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Time for Apple to decide about .Net

But does it have the will, asks Chris LeTocq who cautions that the company's "walled garden" approach to computing is a losing strategy.

    Apple has successfully focused its marketing on the education, publishing and consumer markets, where it has enough critical mass to effectively isolate its customers from the Windows network effect. In these markets the Mac user base is large enough to attract the attention of software developers and creates a community that can interact solely with other Mac OS users.

    One of the key elements of Apple's target market strategy is limiting the need for Windows-Mac interaction, protecting its base from the intrusion of another platform.

    This strategy now has a limited life. Today the Web experience is the primary application interaction for most Mac consumer users. To a large extent, this is an HTML-only, passive experience. Where a richer experience is offered, Java-based applets work well on both Windows and Mac platforms but are not in wide use. More advanced applications are typically hidden from Mac users. Go to Yahoo Mail on your PC and you have a full rich-text editor. Go to Yahoo Mail on your Mac and the experience is decidedly less rich.

    New Web applications
    The advent of smart Web applications and services based on Microsoft's .Net framework threatens to overturn Apple's careful positioning. Today, end-user applications on the Web are few and far between. But starting at the end of 2001, expect a range of applications and services built to the .Net framework. Unfortunately for Apple, these applications are exactly the ones most likely to appeal to its consumer base.

    More importantly, Apple can expect substantial advertising messaging and communication to its users to subscribe to these services. Without some action from Apple, its users will be locked out of premium Internet services. If Yahoo advertises its downloadable e-mail client and enhanced services built around .Net applications and these are unavailable on the Mac, Apple will need to be ready with a reply. Otherwise, it risks remaining competitive and thus triggers an accelerating migration of Mac users to Windows.

    The best way to make sure Mac users remain full Web citizens is for either Microsoft or Apple to port Microsoft's .Net Framework Common Language Runtime (CLR) to the Mac. The problem is who is going to do it. If Apple can't--or won't--invest the necessary resources, then Microsoft will probably eventually do it.

    But for Microsoft the least expensive route is to support the Hailstorm .Net services directly in its Macintosh applications. Microsoft could do this without porting the CLR. After all, why provide access to its .Net framework for competitors' applications? The problem for Apple is that while relying on Microsoft solves the challenge for users of Office, that still leaves 50 percent of its active user base without Web application support.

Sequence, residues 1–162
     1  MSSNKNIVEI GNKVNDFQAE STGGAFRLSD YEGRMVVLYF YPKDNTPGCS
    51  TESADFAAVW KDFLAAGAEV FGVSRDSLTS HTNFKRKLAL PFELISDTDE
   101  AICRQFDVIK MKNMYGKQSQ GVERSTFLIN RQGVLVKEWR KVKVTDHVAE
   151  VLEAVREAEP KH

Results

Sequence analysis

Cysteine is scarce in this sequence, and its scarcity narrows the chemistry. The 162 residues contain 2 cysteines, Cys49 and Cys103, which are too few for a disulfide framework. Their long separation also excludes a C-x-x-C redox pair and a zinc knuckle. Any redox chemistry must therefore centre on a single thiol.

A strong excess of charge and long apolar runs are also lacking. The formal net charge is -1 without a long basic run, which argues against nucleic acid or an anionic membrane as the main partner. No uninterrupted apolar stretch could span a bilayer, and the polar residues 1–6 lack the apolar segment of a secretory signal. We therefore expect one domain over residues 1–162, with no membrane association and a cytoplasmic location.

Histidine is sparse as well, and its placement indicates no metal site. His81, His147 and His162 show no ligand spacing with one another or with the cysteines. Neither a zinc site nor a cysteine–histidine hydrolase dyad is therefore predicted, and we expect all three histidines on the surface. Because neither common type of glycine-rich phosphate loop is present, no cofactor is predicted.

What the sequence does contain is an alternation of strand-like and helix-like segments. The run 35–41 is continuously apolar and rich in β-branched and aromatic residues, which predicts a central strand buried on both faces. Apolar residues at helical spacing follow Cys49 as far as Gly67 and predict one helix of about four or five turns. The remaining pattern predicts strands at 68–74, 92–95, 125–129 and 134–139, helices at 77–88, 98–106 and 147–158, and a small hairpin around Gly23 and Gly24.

The right decision is for Apple to enlist a development team that is familiar with OS X internals and take on the task of porting the CLR. The result will likely be substantially more in tune with the OS, aesthetically and functionally, than a third-party effort.

    Unfortunately, Apple's likely analysis of the problem will be that supporting the CLR conflicts with its current "walled garden" approach. The thinking here being that providing a common application platform will only encourage application vendors to target the CLR rather than a dedicated Mac platform, and that Apple will subsequently lose its cherished differentiation.

    Room to maneuver?
    If this were Microsoft being concerned about Netscape, then the argument might be valid. However, a more pragmatic analysis suggests that Apple would be able to take advantage of Microsoft's investment in ISV acquisition and benefit from the new applications and users that investment might generate. Apple's developers would similarly be able to take advantage of increased integration with the Web.

    Apple's alternatives are limited: A partnership with AOL? Expand iTools and build its own services around WebObjects? Only AOL is likely to be a distant second supplier of Web services. Microsoft's investment in Office for the Mac has been a key leverage point for Microsoft, and it remains potent even after the software giant's well-chronicled antitrust woes.

    It is ironic that just as Apple and Microsoft finally introduce more reliable and user-tolerant operating systems, the user's experience and expectation will increasingly be defined by the Web. Steve Jobs has had pragmatic moments before and negotiated with Microsoft over Internet Explorer and Office. It's time for him to step up to the bar again and negotiate a .Net deal. The sooner he does, the better the deal for Apple and its users.